Ex nihilo

Creation ex nihilo compares God to an artist, saying that he produces the universe without presupposing some stock of stuff that he makes it out of. We could say it was equivalent to “creation without matter”, and this would get us close enough, but it raises too many questions about what a “created spirit” would be.

But saying that God creates without matter is just the first move in an account of creation. The matter which someone uses is the least significant part of the artwork, and it is defined purely functionally. Marble or granite might be sculpted, but so could anything that could play a marble or granite like role. If I were writing with a quill I’d need ink, but anything that could play an ink-like role would do no matter what it was. If you told me that the stuff in my inkwell was really a dessert topping I might well just shrug and keep on using it if I couldn’t tell the difference.

Matter, in other words, is whatever some agent can use to make a form. Both human and non-human agents use whatever is around to make whatever gets made. Birds will make nests out of twigs, or shards of paper, or swizzle sticks, or whatever can play the nest-matter role. There’s nothing that is just nest matter to the exclusion of anything else. It’s this purely functional character of matter which explains why it can never be primary in existence.

So in a certain sense all creation is ex nihilo – some agents need matter, but they only in the sense of needing some “whatever will work” to do what they want to do. Matter is not a substance but a function. If you’re writing with a quill you need something that sticks and stains in the right way, but it doesn’t matter whether it’s a floor wax or a dessert topping. Matter is literally insubstantial – we need the substance so far as we need the characteristics that flow from it that allow it to play a certain role, but if we could have these without the substance, or in any other substance it wouldn’t bother us.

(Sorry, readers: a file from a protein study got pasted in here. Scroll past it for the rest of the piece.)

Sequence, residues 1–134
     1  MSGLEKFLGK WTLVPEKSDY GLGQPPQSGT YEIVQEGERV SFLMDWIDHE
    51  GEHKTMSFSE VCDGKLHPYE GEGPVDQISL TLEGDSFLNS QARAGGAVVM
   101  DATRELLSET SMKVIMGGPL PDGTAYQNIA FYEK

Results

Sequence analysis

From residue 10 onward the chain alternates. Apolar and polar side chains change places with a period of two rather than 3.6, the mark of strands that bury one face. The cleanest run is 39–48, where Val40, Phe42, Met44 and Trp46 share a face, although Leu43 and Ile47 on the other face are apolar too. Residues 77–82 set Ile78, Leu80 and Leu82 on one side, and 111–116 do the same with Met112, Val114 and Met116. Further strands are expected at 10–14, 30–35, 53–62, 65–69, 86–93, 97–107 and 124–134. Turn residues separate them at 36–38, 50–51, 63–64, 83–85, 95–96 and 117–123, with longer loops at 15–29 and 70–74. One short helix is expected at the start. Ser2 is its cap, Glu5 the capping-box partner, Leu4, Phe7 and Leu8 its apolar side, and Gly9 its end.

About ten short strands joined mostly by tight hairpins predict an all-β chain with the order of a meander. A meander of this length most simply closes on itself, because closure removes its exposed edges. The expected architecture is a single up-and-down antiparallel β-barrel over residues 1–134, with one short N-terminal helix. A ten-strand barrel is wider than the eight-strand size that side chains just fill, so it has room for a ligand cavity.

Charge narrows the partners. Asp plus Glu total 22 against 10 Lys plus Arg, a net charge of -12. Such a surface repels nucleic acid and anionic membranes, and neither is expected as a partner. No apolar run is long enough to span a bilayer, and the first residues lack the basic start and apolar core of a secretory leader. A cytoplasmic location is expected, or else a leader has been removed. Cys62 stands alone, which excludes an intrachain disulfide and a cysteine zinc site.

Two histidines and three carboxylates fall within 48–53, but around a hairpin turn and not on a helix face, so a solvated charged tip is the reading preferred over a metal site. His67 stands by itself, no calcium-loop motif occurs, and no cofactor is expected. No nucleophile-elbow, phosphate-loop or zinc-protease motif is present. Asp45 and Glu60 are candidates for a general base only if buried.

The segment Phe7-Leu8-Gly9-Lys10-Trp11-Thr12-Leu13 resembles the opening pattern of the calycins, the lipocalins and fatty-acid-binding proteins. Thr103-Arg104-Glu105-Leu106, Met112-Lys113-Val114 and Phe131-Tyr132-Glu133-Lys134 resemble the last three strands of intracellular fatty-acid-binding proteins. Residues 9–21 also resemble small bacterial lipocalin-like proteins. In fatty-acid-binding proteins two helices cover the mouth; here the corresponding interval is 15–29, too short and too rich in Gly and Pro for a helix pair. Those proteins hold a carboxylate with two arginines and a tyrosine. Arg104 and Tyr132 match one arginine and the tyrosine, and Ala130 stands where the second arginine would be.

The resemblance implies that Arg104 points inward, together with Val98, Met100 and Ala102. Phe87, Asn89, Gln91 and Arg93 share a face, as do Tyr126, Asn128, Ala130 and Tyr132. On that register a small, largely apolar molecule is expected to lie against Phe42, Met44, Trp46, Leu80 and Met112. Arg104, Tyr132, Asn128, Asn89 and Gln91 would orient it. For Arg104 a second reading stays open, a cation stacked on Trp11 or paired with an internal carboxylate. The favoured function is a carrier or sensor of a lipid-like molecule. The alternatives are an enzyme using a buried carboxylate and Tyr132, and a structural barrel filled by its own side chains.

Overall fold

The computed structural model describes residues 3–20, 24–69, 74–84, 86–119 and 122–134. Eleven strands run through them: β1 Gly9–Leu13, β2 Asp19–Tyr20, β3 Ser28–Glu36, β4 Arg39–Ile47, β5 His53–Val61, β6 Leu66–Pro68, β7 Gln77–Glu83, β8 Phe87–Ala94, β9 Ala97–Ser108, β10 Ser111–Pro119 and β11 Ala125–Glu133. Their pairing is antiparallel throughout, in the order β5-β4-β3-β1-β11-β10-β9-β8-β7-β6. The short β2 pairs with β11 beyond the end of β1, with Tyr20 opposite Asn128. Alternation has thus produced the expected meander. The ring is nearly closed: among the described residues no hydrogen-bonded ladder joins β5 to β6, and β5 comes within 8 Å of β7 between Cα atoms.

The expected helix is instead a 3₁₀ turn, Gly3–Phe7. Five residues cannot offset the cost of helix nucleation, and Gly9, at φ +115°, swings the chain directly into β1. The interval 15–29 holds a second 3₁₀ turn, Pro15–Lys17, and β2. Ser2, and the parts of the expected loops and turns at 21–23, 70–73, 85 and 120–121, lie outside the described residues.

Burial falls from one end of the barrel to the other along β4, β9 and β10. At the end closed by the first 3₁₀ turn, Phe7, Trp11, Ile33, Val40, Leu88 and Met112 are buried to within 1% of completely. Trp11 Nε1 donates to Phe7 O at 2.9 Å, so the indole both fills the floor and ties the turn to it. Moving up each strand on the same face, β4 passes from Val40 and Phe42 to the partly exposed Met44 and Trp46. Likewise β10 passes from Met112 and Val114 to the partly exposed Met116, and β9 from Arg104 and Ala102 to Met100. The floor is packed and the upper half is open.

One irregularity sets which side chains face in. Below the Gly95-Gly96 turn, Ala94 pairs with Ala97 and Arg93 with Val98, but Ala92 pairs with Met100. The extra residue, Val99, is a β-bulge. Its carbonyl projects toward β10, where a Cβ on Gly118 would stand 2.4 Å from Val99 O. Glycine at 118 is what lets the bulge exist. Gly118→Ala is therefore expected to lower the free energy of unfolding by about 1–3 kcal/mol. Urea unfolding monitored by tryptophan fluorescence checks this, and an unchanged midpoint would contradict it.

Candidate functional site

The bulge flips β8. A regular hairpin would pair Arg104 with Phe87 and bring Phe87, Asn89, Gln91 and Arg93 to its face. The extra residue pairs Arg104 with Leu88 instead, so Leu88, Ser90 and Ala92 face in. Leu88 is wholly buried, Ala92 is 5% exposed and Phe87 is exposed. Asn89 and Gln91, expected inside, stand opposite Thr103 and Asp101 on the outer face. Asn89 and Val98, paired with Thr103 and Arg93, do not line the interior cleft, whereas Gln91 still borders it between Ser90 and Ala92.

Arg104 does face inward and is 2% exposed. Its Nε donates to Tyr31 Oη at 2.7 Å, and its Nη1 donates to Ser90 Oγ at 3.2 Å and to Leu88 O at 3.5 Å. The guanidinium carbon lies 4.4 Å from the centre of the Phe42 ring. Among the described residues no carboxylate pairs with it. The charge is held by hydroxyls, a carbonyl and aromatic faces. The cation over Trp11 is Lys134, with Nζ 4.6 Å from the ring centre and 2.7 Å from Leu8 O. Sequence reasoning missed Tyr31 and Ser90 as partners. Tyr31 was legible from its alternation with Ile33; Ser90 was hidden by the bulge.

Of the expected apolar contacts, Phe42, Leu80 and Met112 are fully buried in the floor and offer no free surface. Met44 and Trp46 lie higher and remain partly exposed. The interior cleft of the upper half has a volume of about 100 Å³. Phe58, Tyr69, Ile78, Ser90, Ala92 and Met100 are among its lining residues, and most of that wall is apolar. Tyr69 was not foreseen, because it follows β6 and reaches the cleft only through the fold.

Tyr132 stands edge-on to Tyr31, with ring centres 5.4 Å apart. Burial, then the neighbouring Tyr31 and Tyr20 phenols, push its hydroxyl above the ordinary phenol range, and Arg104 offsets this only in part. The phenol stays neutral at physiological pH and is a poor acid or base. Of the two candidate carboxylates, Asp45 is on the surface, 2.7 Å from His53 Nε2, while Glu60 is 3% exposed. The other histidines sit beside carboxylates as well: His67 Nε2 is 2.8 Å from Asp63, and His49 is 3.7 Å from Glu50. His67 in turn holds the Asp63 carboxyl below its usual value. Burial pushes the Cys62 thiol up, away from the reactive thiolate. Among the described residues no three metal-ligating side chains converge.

This insubstantiality of matter opens up a way to understand creation ex nihilo – sc. that it is a way of intending the existence of all substances. When we desire to make something we’re indifferent to the substantiality of matter. We do not and cannot care about what it is in itself. To create from nothing opens the possibility of universal concern for all things, that is, it allows for an agent that is entirely concerned for each of the substances that make an absolute totality. God alone could create a universe, not in the straightforward sense that he alone is outside of it, but in the sense that he is the only one that could desire it as a totality of substances in themselves. To create from matter requires indifference to the substantiality of things, and God alone can escape this in his act of production.

Indifference to substantiality reverberates outward – if I don’t care about the substance I can’t care for what it does of itself. I only want its activity and characteristics so far as they fit into my plan, not so far as they have a plan and a desire for themselves. God alone escapes this limitation as well. It is only in God that there can be simultaneously the love of all substances in the universe and the production of substance. In us, these two cannot be held at once. We could never create a universe because we could never desire to do so. We would need some stock of stuff that could not be regarded in its substance, and so could never be loved.

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